Financial Times – Q&A: Catalonia’s sovereignty push

Note from Reagrupament International

It is imporant to add some information missing in this article. FT states that “Catalonia’s economy has struggled in recent years: its per capita disposable income and labour productivity have grown more slowly than the Spanish average.”. This is due to an endemic lack of investment in infrastructures of the Spanish state in Catalunya, which negatively affects its productivity.  One of the main economic reasons for independence is to use Catalan money to improve Catalan infrastructures. 

Q. Is Spain going to break up as a state?

A. At present this appears unlikely. But pro-independence pressures are developing rapidly in Catalonia, the most powerful of Spain’s 17 autonomous regions. It is the most serious test of the decentralised Spanish system of government since the nation returned to democracy in the late 1970s after Franco’s dictatorship.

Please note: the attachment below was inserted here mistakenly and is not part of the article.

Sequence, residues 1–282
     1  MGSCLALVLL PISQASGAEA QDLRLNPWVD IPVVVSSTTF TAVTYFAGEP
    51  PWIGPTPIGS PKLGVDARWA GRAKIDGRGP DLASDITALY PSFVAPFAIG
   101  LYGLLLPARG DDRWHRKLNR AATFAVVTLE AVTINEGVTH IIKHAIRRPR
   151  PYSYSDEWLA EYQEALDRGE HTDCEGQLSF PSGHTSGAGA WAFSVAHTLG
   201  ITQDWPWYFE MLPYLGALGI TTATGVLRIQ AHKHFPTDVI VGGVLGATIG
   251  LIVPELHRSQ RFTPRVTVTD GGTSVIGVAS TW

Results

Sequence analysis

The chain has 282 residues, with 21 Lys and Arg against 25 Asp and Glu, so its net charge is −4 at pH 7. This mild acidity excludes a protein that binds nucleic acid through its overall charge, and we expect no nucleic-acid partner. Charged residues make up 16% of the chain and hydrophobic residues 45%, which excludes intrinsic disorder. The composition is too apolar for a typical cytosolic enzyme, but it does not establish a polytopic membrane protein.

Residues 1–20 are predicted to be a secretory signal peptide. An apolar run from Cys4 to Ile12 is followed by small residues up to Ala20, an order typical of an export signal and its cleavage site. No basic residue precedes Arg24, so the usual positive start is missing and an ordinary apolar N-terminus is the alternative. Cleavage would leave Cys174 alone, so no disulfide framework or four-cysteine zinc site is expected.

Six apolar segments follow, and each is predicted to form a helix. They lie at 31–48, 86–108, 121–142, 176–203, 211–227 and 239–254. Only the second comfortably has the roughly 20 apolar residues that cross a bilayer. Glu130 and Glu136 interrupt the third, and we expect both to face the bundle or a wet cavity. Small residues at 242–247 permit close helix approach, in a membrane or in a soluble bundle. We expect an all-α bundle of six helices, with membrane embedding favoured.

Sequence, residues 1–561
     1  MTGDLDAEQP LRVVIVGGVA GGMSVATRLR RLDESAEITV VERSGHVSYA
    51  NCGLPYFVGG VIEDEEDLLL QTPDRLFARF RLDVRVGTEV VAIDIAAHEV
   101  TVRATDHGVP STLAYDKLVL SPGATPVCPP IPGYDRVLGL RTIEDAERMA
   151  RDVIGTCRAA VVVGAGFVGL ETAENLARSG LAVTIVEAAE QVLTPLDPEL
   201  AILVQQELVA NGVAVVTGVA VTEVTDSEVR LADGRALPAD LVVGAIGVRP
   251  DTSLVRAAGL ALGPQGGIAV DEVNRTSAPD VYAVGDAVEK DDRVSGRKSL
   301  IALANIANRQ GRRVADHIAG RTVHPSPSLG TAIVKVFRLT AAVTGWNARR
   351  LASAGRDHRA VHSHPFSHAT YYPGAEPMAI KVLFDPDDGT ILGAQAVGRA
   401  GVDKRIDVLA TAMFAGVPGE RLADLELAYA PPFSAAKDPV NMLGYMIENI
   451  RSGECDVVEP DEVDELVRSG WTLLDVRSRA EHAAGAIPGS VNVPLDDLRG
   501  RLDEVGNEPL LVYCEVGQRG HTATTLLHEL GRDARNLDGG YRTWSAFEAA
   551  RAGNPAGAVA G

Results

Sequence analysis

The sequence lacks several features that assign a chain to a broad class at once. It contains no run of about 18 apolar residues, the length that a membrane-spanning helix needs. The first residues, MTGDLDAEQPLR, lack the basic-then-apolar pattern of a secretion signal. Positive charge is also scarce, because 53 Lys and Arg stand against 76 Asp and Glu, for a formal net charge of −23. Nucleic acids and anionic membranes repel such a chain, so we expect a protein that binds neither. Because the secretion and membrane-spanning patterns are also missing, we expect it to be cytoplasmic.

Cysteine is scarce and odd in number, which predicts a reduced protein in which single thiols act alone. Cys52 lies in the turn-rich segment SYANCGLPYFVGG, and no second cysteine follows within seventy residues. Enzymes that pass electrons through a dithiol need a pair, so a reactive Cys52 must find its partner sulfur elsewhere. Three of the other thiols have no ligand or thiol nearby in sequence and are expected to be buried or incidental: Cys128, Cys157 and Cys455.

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Q. When did the idea of Catalan independence take off?

A. Catalonia has a proud tradition of self-rule dating from the Middle Ages. The Catalan revolt against Spanish overlordship in 1640 and the subsequent war, resulting in Catalonia’s defeat, reverberate to this day. In recent times a decisive moment came in 2010 when Spain’s constitutional court largely rejected a new statute of autonomy for Catalonia approved by the national parliament in 2006. The statute was favoured by Spain’s former Socialist government but opposed by the centre-right Partido Popular, which now holds power in Madrid.

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